by Loki_1929 (#49991009) Attached to: Supreme Court Upholds Key Obamacare Subsidies

What bothers me about current rulings is that the mention of a militia obviously means a potential military force, and therefore the right of the people to keep and bear military weapons shall not be infringed.

More specifically, the weapons protected must be of a capability reasonably expected to be useful in fighting and winning against a foreign or domestic aggressor with state sponsorship. In other words, weapons equal to those possessed by any government around the world - including our own - which can be used effectively to win a war. Hence, full-auto machine guns, artillery, Apache gunships, and F-16s are fully in scope for the Second Amendment. What's more, there's an interesting argument to be made about even the classified stuff being available to the American people for study, purchase, building, etc.

Comment: Re:I think it is the fear of being sacked (Score 1) 380 380

by Loki_1929 (#49990829) Attached to: Who Owns Your Overtime?

A lot of these "failing schools" are located in poor neighborhoods and the poor performance can be directly traced back to kids worried about issues like whether they'll have a home to go back to, whether mom/dad will keep their job, whether they'll have dinner tonight, etc. When kids are worried about basic life issues like this, their grades suffer

The lack of parental involvement is also often pointed to in these situations, and I don't disagree that all of those things influence - but do not control - the outcomes. However, none of this explains why some charter schools can operate successfully in some of the worst areas with some of the poorest students around. I think what you're describing are just additional obstacles for kids in bad areas, but I also think great teachers in great schools can overcome those obstacles just as they would any other.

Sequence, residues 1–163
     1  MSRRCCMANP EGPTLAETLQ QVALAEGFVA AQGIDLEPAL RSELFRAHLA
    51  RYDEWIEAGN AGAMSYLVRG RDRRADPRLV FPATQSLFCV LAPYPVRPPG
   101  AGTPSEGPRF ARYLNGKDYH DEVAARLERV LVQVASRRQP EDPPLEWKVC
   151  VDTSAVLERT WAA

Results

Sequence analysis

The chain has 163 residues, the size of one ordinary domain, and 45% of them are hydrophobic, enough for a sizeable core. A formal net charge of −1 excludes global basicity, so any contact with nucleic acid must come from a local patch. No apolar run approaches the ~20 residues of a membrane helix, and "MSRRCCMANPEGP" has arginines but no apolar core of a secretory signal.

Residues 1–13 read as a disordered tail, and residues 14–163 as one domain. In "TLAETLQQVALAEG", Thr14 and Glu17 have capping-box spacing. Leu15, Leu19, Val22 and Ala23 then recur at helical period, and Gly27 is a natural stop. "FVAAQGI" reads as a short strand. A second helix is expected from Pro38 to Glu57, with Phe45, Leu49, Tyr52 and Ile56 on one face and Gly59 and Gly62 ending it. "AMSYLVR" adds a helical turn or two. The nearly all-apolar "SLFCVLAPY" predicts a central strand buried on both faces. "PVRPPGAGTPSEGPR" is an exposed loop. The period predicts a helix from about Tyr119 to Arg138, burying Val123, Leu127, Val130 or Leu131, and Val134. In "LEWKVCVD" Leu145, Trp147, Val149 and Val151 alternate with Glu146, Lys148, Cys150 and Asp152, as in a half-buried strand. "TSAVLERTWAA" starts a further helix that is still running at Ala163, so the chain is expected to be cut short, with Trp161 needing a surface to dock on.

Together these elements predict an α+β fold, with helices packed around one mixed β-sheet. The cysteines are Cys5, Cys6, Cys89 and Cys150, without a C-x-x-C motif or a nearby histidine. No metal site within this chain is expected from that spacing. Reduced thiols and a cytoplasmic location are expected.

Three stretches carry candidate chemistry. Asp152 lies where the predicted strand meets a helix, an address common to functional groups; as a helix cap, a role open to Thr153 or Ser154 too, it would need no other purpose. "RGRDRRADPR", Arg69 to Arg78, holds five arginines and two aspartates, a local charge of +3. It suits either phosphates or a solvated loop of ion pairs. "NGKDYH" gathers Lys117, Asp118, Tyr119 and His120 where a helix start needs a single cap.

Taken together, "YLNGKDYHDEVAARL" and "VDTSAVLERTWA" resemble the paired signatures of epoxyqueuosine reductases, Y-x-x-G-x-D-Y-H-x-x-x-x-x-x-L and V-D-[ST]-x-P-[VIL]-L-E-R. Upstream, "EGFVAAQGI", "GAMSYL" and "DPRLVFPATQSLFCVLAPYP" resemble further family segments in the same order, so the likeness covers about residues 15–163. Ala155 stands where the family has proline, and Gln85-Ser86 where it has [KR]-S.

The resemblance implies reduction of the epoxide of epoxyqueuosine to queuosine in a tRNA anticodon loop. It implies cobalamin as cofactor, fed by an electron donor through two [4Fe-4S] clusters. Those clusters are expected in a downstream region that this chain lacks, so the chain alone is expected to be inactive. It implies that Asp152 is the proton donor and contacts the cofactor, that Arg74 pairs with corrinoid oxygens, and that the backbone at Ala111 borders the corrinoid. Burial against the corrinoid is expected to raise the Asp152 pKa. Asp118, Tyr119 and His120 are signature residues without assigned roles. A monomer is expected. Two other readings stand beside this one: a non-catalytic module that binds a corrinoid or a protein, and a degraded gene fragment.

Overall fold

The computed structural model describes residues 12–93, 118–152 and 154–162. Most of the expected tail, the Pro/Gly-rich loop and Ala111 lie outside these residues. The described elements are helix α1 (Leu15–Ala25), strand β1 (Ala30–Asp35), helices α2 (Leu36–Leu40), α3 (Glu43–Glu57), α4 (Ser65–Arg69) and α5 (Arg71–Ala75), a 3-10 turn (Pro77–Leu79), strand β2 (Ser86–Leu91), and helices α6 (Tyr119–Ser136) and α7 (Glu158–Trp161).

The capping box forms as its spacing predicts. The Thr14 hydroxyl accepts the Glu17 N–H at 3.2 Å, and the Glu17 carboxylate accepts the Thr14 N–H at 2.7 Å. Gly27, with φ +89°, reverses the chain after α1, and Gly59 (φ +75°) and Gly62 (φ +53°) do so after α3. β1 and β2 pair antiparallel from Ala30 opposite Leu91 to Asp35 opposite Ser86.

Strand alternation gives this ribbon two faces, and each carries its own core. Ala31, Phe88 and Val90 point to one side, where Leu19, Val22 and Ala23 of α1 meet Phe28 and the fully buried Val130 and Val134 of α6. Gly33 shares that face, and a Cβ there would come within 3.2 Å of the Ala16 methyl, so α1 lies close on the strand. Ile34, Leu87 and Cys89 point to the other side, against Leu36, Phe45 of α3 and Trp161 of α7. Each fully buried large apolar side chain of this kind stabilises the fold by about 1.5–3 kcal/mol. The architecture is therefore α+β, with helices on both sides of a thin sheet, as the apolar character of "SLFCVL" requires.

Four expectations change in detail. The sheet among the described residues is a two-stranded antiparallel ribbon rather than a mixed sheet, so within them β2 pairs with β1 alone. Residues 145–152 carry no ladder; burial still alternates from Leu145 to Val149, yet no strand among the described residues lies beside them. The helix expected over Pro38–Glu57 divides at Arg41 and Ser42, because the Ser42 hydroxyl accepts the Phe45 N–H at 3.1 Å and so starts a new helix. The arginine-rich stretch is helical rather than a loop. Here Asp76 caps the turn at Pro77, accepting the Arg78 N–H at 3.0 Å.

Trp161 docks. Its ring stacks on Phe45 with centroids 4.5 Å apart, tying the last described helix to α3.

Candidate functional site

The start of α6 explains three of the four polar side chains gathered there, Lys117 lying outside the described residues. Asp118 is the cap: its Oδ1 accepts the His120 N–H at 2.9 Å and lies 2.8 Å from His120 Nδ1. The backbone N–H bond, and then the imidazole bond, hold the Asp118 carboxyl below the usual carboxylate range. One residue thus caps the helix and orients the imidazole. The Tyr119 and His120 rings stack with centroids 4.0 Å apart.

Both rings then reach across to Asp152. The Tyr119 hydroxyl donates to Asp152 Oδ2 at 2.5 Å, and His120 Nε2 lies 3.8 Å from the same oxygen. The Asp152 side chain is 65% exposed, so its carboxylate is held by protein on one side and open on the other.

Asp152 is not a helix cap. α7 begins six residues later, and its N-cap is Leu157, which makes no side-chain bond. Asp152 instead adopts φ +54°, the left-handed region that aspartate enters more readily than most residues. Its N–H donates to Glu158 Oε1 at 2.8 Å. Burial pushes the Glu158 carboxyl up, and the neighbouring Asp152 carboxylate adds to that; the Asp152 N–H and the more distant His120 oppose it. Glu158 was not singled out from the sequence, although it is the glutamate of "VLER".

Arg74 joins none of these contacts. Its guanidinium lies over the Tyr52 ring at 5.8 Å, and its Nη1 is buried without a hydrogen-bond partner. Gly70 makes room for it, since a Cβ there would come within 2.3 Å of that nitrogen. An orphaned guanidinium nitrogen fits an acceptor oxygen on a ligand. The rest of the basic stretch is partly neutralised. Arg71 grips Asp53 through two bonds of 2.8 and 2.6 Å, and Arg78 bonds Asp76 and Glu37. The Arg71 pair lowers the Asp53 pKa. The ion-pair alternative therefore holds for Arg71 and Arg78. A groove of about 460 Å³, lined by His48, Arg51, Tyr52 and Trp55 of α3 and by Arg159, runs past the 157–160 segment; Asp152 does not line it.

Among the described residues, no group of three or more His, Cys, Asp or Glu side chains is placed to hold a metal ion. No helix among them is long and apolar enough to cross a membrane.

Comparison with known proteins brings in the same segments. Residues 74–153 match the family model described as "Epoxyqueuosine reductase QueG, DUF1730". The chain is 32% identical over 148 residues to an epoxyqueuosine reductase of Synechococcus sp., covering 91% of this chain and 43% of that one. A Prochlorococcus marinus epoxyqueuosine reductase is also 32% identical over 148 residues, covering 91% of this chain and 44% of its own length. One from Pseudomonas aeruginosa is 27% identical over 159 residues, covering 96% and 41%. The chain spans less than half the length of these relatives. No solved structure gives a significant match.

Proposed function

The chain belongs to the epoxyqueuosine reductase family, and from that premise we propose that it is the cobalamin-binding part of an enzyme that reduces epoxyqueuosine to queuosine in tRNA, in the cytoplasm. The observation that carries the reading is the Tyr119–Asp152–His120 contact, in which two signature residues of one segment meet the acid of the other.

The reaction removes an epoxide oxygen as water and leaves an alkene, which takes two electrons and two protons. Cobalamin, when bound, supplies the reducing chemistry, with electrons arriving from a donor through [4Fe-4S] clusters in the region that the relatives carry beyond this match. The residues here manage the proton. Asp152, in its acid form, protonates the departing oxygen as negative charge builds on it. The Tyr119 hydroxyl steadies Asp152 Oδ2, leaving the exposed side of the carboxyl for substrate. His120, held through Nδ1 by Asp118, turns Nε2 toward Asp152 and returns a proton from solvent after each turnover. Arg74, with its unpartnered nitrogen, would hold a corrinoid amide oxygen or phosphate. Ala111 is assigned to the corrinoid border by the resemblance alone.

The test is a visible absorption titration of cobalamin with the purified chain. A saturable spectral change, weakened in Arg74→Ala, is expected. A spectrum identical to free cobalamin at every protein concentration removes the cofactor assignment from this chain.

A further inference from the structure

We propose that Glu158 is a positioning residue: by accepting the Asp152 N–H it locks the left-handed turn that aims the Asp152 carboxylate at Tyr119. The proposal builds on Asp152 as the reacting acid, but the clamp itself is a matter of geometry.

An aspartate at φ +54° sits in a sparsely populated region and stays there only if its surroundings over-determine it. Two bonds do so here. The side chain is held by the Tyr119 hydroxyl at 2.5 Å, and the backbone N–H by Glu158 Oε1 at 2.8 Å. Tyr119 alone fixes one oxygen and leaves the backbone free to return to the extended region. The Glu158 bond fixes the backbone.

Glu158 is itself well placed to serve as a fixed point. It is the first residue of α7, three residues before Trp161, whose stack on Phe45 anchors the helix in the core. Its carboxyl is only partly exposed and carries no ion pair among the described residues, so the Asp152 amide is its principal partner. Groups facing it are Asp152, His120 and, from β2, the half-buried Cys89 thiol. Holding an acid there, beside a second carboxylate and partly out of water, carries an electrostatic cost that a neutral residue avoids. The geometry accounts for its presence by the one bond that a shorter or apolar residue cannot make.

As far as attracting students goes, right now we tend to place students in schools based on neighborhoods. It sounds like you're advocating more of a private school philosophy of "you apply to school X and hope you get in." The problem with this is that schools in poor neighborhoods aren't going to attract anybody. So they will get the people that the other schools don't want - the kids with the most issues and problems. Meanwhile, the wealthier neighborhood schools will be able to pick and choose who they accept which means they'll get the higher performing students. So the rich schools do better and the poor schools do worse.

I think you're misunderstanding something fundamental about what I'm advocating. In the system I'm describing, the schools who aren't taking very many kids don't have much funding. Now they may still do well, but since the money is attached to the student, they aren't going to get rich by selecting a small handful of lucky/talented kids. I'm also not claiming that every single kid is going to suddenly turn into a college grad because there's a choice in schooling. Rather, I'm saying a lot more kids will get a lot more chances precisely because we aren't pushing all the poor kids into the school in the poor neighborhood where property taxes amount to almost nothing. When $x follow every kid, from whatever neighborhood, from whatever family, to whatever school, the location of the school no longer matters as to the quality of its education. If all the inner city kids end up going to one school, that school will have a river of cash flowing through it and should (all things being equal and all people being competent) be able to bring in the best teachers and provide the best atmosphere for learning.

With simple numbers, let's assume $5,000 follows each child. The exclusive high school that only lets in 50 kids a year? They're going to end up with a grand total of $1 Million to run an entire high school. Now if they can make that all work, good for them (but I doubt it). That school getting "the people that the other schools don't want"? Let's say they've got a total student population of 10,000 kids. They've got a $50 Million budget. If they spend 2/3 of that on teachers, they can spend around $130,000 for each teacher. If they only spend half of it on teachers, well then they can spend $100,000 on each.